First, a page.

Every few years a major publication will come out with a story where someone who had a normal job their entire life died with a sizable estate.  This past weekend, it was WSJ’s turn to discuss such a situation.  The article, behind a paywall, is titled, “Route to an $8 Million Portfolio Started with Frugal Living” is about a man, Mr. Ronald Read that despite being a janitor and gas attendant for most of his life amassed a large fortune by almost anyone’s standards,

Mr. Read, a longtime resident of Brattleboro, Vt., died in June at the age of 92. His friends were shocked when they learned his estate was valued at almost $8 million. Long widowed and with two stepchildren, he left most of his money to a local hospital and library.

So how did he manage to pull it off? Besides being a good stock picker, he displayed remarkable frugality and patience—which gave him many years of compounded growth.

He lived modestly, working as a maintenance worker and janitor at a J.C. Penney store after a long stint at a service station that was owned in part by his brother. Those who knew him talk of how he at times used safety pins to hold his coat together and sometimes parked his 2007 Toyota Yaris far from where he was going to avoid having to feed the parking meter.

Besides being a good stock picker? He was able to be in the top .01% of all estates in the country and the author wants to focus on frugality? The fact that he had a 2007 car at the time of his death is not at all interesting when compared to what he probably did in in terms of investing.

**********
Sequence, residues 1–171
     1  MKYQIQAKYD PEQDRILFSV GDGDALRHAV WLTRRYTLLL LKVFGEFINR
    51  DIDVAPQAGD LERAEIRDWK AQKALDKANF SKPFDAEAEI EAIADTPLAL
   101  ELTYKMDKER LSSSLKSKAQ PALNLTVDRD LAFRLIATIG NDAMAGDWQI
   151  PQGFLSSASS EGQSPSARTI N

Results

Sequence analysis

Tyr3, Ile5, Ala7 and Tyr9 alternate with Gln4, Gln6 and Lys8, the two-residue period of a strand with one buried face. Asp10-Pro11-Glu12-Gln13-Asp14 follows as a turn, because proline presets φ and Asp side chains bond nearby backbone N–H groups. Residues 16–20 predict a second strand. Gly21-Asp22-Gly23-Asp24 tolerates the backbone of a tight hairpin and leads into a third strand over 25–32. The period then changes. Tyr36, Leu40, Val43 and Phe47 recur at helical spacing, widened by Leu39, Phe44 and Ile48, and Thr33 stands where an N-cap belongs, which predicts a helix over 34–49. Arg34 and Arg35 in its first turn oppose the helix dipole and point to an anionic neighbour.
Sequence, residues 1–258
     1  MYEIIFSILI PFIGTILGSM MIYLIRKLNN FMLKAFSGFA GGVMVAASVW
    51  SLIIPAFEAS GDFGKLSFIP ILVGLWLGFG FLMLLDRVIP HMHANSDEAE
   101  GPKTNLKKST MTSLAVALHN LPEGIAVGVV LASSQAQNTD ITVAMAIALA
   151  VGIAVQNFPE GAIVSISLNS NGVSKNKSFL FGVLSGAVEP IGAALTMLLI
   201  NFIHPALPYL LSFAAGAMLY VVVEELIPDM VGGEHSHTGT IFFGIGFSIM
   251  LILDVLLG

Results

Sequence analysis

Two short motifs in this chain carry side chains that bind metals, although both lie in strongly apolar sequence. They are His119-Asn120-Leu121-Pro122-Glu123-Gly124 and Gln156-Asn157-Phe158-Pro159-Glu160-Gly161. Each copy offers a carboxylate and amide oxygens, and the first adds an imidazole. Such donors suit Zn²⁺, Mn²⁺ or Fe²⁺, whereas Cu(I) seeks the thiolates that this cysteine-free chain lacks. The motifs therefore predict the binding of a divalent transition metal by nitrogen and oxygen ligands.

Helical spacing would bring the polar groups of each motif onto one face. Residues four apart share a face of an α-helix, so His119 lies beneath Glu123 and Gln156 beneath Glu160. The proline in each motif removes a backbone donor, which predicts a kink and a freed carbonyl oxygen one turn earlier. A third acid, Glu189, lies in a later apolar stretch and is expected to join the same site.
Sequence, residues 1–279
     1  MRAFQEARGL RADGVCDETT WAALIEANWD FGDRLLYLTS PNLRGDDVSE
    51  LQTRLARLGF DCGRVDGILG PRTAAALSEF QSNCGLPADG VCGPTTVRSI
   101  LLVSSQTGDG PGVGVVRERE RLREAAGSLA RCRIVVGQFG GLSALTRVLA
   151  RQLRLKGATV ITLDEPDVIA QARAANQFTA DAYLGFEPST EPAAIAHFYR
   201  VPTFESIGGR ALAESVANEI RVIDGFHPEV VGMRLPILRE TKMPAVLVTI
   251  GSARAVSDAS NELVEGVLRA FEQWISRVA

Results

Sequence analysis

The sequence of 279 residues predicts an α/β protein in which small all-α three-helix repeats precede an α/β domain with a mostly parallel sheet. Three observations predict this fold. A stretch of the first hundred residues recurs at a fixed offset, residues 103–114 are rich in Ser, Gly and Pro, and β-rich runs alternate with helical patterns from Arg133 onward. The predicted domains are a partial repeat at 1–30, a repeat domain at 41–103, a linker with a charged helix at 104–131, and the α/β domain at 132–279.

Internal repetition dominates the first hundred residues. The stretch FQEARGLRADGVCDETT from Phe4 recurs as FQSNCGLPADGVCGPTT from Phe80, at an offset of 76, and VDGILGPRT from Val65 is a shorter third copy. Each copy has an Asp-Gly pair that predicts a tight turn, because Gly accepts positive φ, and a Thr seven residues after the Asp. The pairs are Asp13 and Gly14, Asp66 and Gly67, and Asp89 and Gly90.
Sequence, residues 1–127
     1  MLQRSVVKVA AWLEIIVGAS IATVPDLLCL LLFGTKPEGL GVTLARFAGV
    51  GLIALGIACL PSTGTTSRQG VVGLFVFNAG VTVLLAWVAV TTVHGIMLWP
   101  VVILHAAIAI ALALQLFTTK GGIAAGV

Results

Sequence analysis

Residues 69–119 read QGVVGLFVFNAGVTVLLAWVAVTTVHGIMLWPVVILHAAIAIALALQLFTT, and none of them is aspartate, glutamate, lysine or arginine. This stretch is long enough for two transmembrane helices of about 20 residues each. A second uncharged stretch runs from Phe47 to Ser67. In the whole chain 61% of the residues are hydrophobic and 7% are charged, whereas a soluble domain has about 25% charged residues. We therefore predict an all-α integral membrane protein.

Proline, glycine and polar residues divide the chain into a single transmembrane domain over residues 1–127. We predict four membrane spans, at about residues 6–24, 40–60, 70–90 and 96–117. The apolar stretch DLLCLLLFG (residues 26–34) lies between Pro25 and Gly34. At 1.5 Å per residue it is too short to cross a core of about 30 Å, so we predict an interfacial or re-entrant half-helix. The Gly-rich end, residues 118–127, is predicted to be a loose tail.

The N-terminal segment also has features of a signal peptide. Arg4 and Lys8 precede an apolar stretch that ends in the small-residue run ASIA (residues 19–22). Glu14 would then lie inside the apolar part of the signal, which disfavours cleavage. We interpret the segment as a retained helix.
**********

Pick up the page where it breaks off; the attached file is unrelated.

In an odd turn of events, the article discusses at length the fact that Mr. Read held paper stock certificates, and how that might not be possible today – LIKE IT MATTERS AT ALL?! Where the focus should have been was the type of stocks he bought.  The author only provides the following information,

Mr. Read owned at least 95 stocks at the time of his death, many of which he had held for years, if not decades. They were spread across a variety of sectors, including railroads, utility companies, banks, health care, telecom and consumer products. He avoided technology stocks.

Friends say Mr. Read typically bought shares of companies he was familiar with and those that paid out hefty dividends. When dividend checks came in the mail, he plowed the money back into more shares, Ms. Bokum (an advisor who didn’t run this portfolio) says.

Among his longtime holdings were blue-chip stalwarts such as Procter & Gamble,J.P. Morgan Chase,General Electric and Dow Chemical. When he died, he also had large stakes in J.M. Smucker,CVS Health and Johnson & Johnson.

How about spending some in depth into information regarding how he invested because that is the story! Not that he might have saved a few bucks by not using metered parking  The Executor should have all the information as to when he bought what shares, and in what amounts, share that information! Maybe someone can determine what metrics he was using because it is likely he had some type of system.

I know that type of piece would take a tremendous more time than the fluff piece offered, but it is the freaking Wall Street Journal!